5. Feel your body sinking into the earth. You’ve been out of your mind lately, or your mind has been out of you, and your body feels both heavy and light. Your torso is sinking, your legs floating. Your mind and body existing and dying separately. You will be in this place for a long time and the dirt and leaves and decay around you will pile up, eventually shrouding you in a death other than your own. Your body itself will soften. Your skin will sag and peel, your organs turn to mush and food for the plants and ferns you’ve placed yourself under. Ground yourself in the earth.

6. You must consider your own decomposition. Think about what will decay and become undone first, your skin or your pants. Your skin is thin and breakable; it will go first. Your jeans, thick denim, old-school Levi’s too short for your legs, are so processed the cotton can no longer be considered organic matter. Your jeans will cover your skinless bones. Hair and teeth last forever and you are sorry you have not taken better care of either. Think about how your post-death life might begin.

7. Forests are better than fields are better than parks. You are not going to be laid out thirty feet from children shrieking on a playground. A field, maybe, if you are in the Oklahoma of your childhood. This is subjective. Forests scare you. Old, ancient, so much bigger and more stable than anything you will ever be. Since you moved here three years ago, you have worried about your death in that forest a ten minute walk from where you sleep. It has visible layers of life and decay—a warning or reassurance? You are never sure.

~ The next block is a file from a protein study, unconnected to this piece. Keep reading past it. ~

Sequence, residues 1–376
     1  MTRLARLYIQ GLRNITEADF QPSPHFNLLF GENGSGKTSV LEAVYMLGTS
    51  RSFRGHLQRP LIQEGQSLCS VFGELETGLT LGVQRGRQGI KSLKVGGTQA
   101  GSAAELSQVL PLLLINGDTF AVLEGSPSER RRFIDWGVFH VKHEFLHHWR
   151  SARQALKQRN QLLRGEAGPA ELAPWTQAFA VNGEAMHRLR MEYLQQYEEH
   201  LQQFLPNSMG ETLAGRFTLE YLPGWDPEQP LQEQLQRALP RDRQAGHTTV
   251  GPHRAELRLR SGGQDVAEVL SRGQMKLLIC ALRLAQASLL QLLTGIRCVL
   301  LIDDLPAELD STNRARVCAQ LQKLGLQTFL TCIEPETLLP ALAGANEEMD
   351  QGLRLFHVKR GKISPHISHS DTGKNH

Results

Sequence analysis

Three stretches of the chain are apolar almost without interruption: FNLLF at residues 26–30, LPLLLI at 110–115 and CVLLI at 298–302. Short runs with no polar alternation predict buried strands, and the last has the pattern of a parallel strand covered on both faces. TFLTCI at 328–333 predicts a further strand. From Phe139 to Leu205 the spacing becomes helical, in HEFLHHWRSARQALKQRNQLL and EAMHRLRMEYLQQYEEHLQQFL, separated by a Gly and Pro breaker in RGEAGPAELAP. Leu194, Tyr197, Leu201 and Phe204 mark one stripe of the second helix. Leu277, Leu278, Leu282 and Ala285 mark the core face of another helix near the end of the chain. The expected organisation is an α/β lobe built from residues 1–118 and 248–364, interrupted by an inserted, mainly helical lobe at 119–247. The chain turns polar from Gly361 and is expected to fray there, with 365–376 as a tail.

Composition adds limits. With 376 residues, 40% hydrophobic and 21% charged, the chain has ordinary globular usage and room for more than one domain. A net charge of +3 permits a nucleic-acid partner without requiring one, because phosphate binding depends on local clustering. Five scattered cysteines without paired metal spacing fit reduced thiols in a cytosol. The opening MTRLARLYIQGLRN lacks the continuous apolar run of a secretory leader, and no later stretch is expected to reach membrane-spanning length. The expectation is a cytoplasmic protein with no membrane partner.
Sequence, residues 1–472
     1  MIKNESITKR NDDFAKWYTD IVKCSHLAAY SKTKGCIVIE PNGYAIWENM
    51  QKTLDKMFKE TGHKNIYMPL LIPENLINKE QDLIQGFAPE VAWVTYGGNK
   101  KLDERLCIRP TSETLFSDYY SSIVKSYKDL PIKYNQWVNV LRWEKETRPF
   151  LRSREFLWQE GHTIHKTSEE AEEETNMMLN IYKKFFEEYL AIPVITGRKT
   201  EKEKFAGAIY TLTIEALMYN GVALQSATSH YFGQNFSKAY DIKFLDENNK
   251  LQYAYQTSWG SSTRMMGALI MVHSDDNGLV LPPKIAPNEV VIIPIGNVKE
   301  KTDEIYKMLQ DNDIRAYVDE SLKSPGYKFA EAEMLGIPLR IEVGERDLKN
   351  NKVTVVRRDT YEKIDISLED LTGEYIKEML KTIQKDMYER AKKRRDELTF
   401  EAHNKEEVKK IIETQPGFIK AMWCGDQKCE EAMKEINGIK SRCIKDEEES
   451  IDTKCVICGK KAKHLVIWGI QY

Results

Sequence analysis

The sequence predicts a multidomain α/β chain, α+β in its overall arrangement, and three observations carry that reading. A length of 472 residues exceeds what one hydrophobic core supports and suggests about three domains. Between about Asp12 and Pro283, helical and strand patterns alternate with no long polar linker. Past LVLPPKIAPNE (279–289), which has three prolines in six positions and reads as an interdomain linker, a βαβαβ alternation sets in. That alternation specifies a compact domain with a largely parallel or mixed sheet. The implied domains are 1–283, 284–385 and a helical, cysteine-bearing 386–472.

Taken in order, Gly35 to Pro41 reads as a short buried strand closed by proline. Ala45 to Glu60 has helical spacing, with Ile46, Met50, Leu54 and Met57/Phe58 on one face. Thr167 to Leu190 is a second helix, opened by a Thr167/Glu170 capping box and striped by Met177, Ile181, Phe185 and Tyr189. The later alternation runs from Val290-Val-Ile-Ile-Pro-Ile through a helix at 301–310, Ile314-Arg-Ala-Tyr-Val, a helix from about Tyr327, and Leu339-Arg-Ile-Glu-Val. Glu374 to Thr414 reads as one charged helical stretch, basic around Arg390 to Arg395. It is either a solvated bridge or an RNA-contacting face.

8. Think of your body decaying and being eaten. There are bugs and you are carrion. There are raccoons and you’ll do. The deer are vegetarian—mostly—but you don’t know what else is out there. When will your eyes fall out of their sockets, and will the birds have a hand in it?

9. You must be careful not to fall asleep. You are lying on the ground with your eyes closed and maybe the sun is on your face. It is understandable to want to sleep. Do not do this. You are practicing. You have a job to do. You must concentrate on your decomposition. You were raised by a mother with roots in the midwestern farmlands and death is no excuse for rest. Feel your death. Do not fall asleep.

I keep up this practice as best I can, when I remember, when it’s not too cold, when I am not tired or at work or any number of almost good reasons. I worry that I will not be good enough when the time comes, my body already so bad at the things that come naturally to other people. Perhaps my skin will melt off of me and congeal rather than turn to dust as it should. Perhaps my bones will act like salt in the earth and prevent new growth above my corpse. And so I practice, and when I do, I feel the earth overtaking me. Little by little, moss starts to form on the soles of my feet and the palms of my hands.

Chloe Manchester graduated from The Evergreen State College with a BA in Creative Writing and Literature. Her work has previously appeared in Salt Hill Journal and Miracle Monocle. Chloe’s favorite color is birds.


Tonya Russell is a photographer of color with works forthcoming in numerous literary journals 2019.